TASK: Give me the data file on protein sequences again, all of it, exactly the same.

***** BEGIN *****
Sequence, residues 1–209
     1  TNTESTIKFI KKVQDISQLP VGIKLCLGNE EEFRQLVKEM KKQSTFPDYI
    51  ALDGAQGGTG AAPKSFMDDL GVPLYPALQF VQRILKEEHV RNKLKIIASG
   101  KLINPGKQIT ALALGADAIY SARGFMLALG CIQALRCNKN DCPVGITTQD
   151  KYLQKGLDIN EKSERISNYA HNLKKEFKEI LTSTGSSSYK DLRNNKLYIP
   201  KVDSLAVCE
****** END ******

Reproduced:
Sequence, residues 1–209
     1  TNTESTIKFI KKVQDISQLP VGIKLCLGNE EEFRQLVKEM KKQSTFPDYI
    51  ALDGAQGGTG AAPKSFMDDL GVPLYPALQF VQRILKEEHV RNKLKIIASG
   101  KLINPGKQIT ALALGADAIY SARGFMLALG CIQALRCNKN DCPVGITTQD
   151  KYLQKGLDIN EKSERISNYA HNLKKEFKEI LTSTGSSSYK DLRNNKLYIP
   201  KVDSLAVCE